Flying Officer Nirmal Jit Singh Sekhon, PVC (17 July 1943-14 December 1971) was an officer of the Indian Air Force. He was posthumously awarded the Param Vir Chakra, India’s highest military decoration, in recognition of his lone defence of Srinagar airbase against a Pakistani air raid during the Indo-Pak War of 1971.
During the Indo-Pak War of 1971, he was assigned to No. 18 Squadron, ‘The Flying Bullets’, flying the Folland Gnat fighter aircraft based at Srinagar. On 14 December 1971, Srinagar Airfield was attacked by six Pakistan Air Force F-86 jets. Flying Officer Sekhon was on readiness duty at that time. Soon the enemy aircraft attacked the airfield, strafing ground targets. Under heavy fire, he was able to take off6 in his Gnat and engage the Sabres.
In the ensuing air battle, Sekhon scored a direct hit on one Sabre8 and set another ablaze. The latter was seen heading away towards Rajauri, trailing smoke. The four remaining Sabres pressed the attack, and after a lengthy dog-fight at tree-top level, Sekhon’s aircraft was hit, and he was killed. The remaining Pakistani aircraft returned to Pakistan without pressing the attack.
The bravery, flying skill and determination10 displayed by Flying Officer Sekhon earned him India’s highest wartime medal for gallantry, the Param Vir Chakra. His skill was later praised in an article by Salim Baig Mirza, the pilot who shot him down.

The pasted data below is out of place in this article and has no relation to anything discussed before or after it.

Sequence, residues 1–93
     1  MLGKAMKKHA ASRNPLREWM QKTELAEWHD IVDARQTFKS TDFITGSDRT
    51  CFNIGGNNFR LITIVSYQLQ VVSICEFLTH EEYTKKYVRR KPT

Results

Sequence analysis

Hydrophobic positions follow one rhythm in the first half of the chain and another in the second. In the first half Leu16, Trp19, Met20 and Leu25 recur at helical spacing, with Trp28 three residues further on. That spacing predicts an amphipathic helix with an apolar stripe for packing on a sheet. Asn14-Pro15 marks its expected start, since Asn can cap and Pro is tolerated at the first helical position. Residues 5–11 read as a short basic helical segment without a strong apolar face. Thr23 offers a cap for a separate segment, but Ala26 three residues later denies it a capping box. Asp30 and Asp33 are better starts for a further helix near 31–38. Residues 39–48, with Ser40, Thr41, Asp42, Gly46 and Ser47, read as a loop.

Let’s Not Forget the Martyrs short Summary
Captain Vikram Batra PVC (9 September 1974-7 July 1999) was an officer of the Indian Army, posthumously awarded the Param Vir Chakra, India’s highest and prestigious award for valour, for his actions during the 1999 Kargil War in Kashmir between India and Pakistan.
Vikram Batra was born on 9 September 1974 in Ghuggar village near Palampur, Himachal Pradesh. He was selected to join the Indian Military Academy in Dehradunt in 1996 in Jessore Company of Manekshaw Battalion, and was commissioned in the Indian Army as a Lieutenant of the 13 Jammu & Kashmir Rifles at Sopore, in Jammu and Kashmir. He rose to the rank of Captain.
On 1 June 1999, his unit proceeded to the Kargil .Sector on the eruption of a warlike situation in Kargil, Drass and Batalik sub-sectors. He was sent along with his company on the first strategic and daring operation to recapture the first peak of utmost importance Point 5140, which was at an altitude-1 of 17,000 feet.
Captain Vikram Batra was given the task of recapturing Point 5140. Nicknamed Sher Shah (‘Lion King’) in Hindi for his courage, he decided to lead the rear, as an element of : surprise would help stupefy the enemy. He and his men ascended the sheer rock-cliff, but as the group neared the top, the enemy pinned them on the face of the bare cliff with machine-gun fire.
Captain Batra, along with five of his men, climbed up regardless of the heavy firing and after reaching the top, hurled two grenades at the machine-gun post. He single-handedly killed three enemy soldiers in close combat. He was seriously injured during this, but insisted on
regrouping his men to continue with the mission. Inspired by the courage displayed by Captain Batra, the other soldiers of 13 JAK Rifles charged the enemy position and captured Point 5140 at 3:30 a.m. on 20 June 1999. His company is credited with killing at least eight Pakistani soldiers and recovering a heavy machine gun.
The capture of Point 5140 set in motion a string of successes, such as Point 5100, Point 4700, Juction Peak and Three Pimples. Along with fellow Captain Anuj Nayyar, Batra led his men to victory with the recapture of Point 4750 and Point 4875.
He attained martyrdom when he tried to rescue an injured officer during an enemy counter attack against Point 4875 in the early morning hours of 7 July 1999. His last words were, “Jai Mata Di.” (Which means “Victory to the Mother Durga !”).